Complaints about the lack of suitable servants are one of the historical continuities of the labour market – the lament of landlords and housewives, farmers and state officials echoed through the centuries. Nowhere and never did the supply of people willing to take up work in the household of someone else seem to be enough. This may look strange or counterintuitive: in a poor society, where people lived only one cold summer away from the brink of starvation, where vagrancy was a crime and where the household was a necessary institution both legally and for survival, resource pooling and to organize work in order to live, the servant position offered obvious advantages. A servant lived in the household of her/his master, food and lodging was part of the wage, and the contracts were long – servants were mostly protected from the dangers of the slack periods during winter since they were employed for the year. Still, the position of the servant had to be enforced by state authorities, fenced about by strict regulations, and praised in didactic writing. In our conference contribution, we offer one explanation for this, i.e., that precisely this specific – and seemingly attractive – form of remuneration that shaped the servant position had a coercive logic.

The fundaments of the Swedish servant legislation were legally inscribed already in the earliest thirteenth-century manuscripts, during a time when the unfree thralldom institution had not yet been abandoned. The basic idea of the servant institution was that all people should belong to a landed household; if not as part of the landowning family, then as a servant, a crofter, or through some other kind of labour arrangement. Needless to say, the servant position was a position for the poor. In the mediaeval regulations, it was stated that anyone who owned less than a certain threshold had to become a servant. During the 17th century, when the Swedish Crown increased its need for soldiers, this regulation was extended even further, so that now all people had to get themselves laga försvar, ‘legal protection’. This could be reached either through considerable wealth, or else, and most commonly, through being properly landed. Landless people, on the other hand, had to seek themselves a position as servant, although in practice at this time it had primarily become the solution for unmarried men and women. The alternative was either to become a soldier, or to be subject to vagrancy laws and related punishment. However, even for servants who took up the position without being forced, the coercive measures were part of the logic of the institution.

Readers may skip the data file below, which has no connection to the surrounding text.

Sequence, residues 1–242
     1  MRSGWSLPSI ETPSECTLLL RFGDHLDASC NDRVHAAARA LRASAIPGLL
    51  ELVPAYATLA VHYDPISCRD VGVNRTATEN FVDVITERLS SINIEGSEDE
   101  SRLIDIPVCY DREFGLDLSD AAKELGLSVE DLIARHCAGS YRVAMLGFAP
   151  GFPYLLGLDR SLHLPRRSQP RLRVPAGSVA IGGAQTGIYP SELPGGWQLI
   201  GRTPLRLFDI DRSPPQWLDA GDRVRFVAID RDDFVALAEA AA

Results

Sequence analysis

The servant and his new master.​ Mural from Södra Råda church (1492).

Servants were, in the early 13th century as well as during the latter part of the 19th century, remunerated through a specific tripartite system: the fastening penny, the board and lodging, and the cash wage. The fastening penny was a small sum, or an object handed over to the servant-to-be as the contract was sealed. However, the fastening penny could only be accepted when the servant had resigned from his or her former master – thus, the servant was deprived of the possibility of making use of a potential bargaining position. Once the fastening penny had been accepted, the servant was now bound to the master for the next full year, and subject to the risk of being brought back through force or being dragged to court if he or she tried to run away earlier.